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Journal Article

A study of the photolysis and OH-initiated oxidation of acrolein and trans-crotonaldehyde


Moortgat,  G. K.
Atmospheric Chemistry, Max Planck Institute for Chemistry, Max Planck Society;

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Magneron, I., Thévenet, R., Mellouki, A., Le Bras, G., Moortgat, G. K., & Wirtz, K. (2002). A study of the photolysis and OH-initiated oxidation of acrolein and trans-crotonaldehyde. Journal of Physical Chemistry A, 106(11), 2526-2537.

Cite as: https://hdl.handle.net/11858/00-001M-0000-0014-9136-6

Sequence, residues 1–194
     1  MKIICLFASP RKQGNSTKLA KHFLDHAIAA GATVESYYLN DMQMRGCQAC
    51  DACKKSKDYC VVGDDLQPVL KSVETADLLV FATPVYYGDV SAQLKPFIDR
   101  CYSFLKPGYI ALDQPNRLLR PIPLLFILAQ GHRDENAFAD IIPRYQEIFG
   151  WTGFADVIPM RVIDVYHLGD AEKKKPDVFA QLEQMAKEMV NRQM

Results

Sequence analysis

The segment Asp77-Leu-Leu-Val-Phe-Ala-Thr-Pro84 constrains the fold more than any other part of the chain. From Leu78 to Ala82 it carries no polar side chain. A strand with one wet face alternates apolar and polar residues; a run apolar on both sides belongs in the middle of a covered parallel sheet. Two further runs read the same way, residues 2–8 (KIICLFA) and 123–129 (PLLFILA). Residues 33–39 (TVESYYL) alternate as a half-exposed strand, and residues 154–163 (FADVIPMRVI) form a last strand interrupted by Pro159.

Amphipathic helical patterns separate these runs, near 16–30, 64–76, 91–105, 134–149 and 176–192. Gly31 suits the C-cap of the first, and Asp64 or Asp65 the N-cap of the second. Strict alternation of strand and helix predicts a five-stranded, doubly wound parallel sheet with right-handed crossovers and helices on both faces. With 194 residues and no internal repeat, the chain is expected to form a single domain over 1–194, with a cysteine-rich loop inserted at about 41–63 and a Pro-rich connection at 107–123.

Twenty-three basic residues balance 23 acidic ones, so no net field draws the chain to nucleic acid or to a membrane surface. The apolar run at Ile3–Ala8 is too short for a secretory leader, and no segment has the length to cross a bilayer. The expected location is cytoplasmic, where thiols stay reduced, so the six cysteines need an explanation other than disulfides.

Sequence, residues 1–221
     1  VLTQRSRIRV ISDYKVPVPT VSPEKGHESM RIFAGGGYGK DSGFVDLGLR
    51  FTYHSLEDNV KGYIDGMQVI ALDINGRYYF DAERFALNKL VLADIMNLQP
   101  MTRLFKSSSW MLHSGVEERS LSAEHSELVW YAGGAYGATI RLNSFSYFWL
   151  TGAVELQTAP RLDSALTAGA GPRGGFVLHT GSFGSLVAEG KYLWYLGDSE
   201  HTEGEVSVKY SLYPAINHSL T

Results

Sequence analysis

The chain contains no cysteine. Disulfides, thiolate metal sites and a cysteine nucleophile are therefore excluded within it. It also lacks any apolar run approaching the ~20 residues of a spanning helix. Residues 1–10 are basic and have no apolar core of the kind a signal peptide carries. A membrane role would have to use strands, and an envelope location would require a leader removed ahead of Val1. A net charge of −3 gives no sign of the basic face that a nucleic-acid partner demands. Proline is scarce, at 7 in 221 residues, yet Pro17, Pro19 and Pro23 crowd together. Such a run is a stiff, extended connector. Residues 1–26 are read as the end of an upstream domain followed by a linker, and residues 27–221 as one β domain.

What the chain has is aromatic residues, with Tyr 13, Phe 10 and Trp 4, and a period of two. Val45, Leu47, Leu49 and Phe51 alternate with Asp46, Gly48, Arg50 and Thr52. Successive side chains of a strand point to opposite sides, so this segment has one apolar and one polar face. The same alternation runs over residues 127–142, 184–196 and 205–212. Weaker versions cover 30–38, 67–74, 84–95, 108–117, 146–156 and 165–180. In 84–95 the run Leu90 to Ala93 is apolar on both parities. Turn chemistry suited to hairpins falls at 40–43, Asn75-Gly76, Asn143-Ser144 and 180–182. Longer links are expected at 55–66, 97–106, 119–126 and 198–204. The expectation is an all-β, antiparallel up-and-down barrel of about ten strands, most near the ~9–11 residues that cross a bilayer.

Experiments have been conducted in the laboratory and in the outdoor smog chamber (EUPHORE) to study the photolysis and the OH-initiated oxidation of (1) acrolein (CH2=CHCHO) and (2) traps-crotonaldehyde (CH3CH=CHCHO). In addition, the UV-visible absorption spectra for these two unsaturated aldehydes have been determined at (298 2) K, and the rate constants for OH reactions have been measured using PLP-LIF technique as function of pressure (20-300) Torr in the temperature range (243-372) K. The obtained rate constant values are k(1) = (6.55 +/- 1.22) . 10(-12) exp[(333 +/- 54)/T] and k(2) = (5.77 +/- 1.14) . 10(-12) exp[(533 +/- 58)/T] cm(3) molecule(-1) s(-1). From both midday photolysis rates J(1) less than or equal to 2 . 10(-6) s(-1) for acrolein and J(2) less than or equal to 1.2 . 10(-5) s(-1) for traps-crotonaldehyde, measured at EUPHORE during summer, and UV-visible absorption cross sections, very low effective quantum yields were derived: Phi(eff) less than or equal to 0.005 for acrolein, and Phieff less than or equal to (0.030 +/- 0.006) for traps-crotonaldehyde. The major primary products of the OH-initiated oxidation were glyoxal and glycolaldehyde for acrolein and glyoxal and acetaldehyde for tracts-crotonaldehyde. The obtained results indicate that at least 20% of the reaction of OH with acrolein proceeds by addition to the double bond. The atmospheric implications of the data are discussed. The major loss process is reaction with OH for the two aldehydes. Their atmospheric lifetimes are of few hours, and their impact mainly at a local scale will be the net HOx (OH, HO2) production through their photooxidation and that of the shorter chain carbonyl compounds produced.